Projects proposing more than 50,000 square feet of most non-residential uses—including retail and office but not PDR—will need to provide privately owned public open space, commonly referred to as POPOS (or pay an in-lieu fee). Although outdoor POPOS is preferred, it can be indoors also, providing welcome relief for some project sites where outdoor open space causes design headaches. Among other design restrictions, it must be at street grade for at least 15% of the project site’s lot area, lined with “active” uses such as retail for outdoor POPOS, and feature amenities complimentary to nearby open spaces.
PDR and micro-retailers locked into medium and large projects.
Projects proposing at least 50,000 square feet of new office use are required to include PDR in the project. The on-site amount is either 40% of the total lot area of the project (i.e. 0.4 FAR) or the replacement space required under Prop. X—whichever is greater. Alternatively, sponsors can provide 1.5 times the required amount of PDR space off-site or preserve twice as much existing PDR space than what is required on-site. Similarly, projects on very large development sites are required to have at least one 1,000 square foot or smaller “micro-retail” unit on the ground floor that’s directly accessible from a public right of way or POPOS.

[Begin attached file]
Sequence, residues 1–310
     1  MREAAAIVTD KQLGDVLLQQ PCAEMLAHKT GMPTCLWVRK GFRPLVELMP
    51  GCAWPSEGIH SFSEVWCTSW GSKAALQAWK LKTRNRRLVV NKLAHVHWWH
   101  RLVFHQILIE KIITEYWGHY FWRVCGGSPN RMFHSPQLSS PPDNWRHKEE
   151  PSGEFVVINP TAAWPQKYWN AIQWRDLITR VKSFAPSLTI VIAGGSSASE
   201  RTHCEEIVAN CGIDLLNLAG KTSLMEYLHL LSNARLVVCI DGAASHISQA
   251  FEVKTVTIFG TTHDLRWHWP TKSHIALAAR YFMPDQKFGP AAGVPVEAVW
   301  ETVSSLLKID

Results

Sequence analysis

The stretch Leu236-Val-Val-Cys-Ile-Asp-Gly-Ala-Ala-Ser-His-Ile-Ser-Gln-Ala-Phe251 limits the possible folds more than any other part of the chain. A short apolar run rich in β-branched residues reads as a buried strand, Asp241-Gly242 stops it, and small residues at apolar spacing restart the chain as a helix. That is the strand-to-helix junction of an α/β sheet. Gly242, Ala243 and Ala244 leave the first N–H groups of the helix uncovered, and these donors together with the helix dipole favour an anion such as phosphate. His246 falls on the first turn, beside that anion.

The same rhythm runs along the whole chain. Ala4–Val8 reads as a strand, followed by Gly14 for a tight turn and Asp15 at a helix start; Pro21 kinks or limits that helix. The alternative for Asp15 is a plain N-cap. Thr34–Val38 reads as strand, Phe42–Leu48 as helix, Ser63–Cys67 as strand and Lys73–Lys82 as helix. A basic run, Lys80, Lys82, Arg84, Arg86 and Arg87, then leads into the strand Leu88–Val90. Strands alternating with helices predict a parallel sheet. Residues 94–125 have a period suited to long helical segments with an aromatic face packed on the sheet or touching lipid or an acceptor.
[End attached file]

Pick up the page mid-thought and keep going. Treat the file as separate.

Eating and drinking retailers with over 10 stores locked out.
The Central SOMA plan is not great news for established businesses looking to take advantage of increased retail opportunities, particularly eating and drinking retailers. San Francisco classifies most retailers with over 10 stores worldwide as “formula retailers.” New bars, restaurants, and cafes that also happen to be formula retailers would be prohibited in the new CMUO zoning district. All other formula retail users will need to get a Conditional Use authorization like they do now in most parts of San Francisco outside of downtown. Formula retailers are also not allowed to occupy the 1,000 square foot or smaller “micro-retail” spaces on the larger Central SOMA project sites.
Central SOMA’s own Transferable Development Rights (“TDR”) program.
Property owners of historically significant buildings and developers of large sites within Central SOMA will need to brush up on their knowledge of San Francisco’s historic building air rights program. The TDR program—long a staple of large-scale development and a way to preserve historic buildings in San Francisco’s downtown core—will be extended into Central SOMA.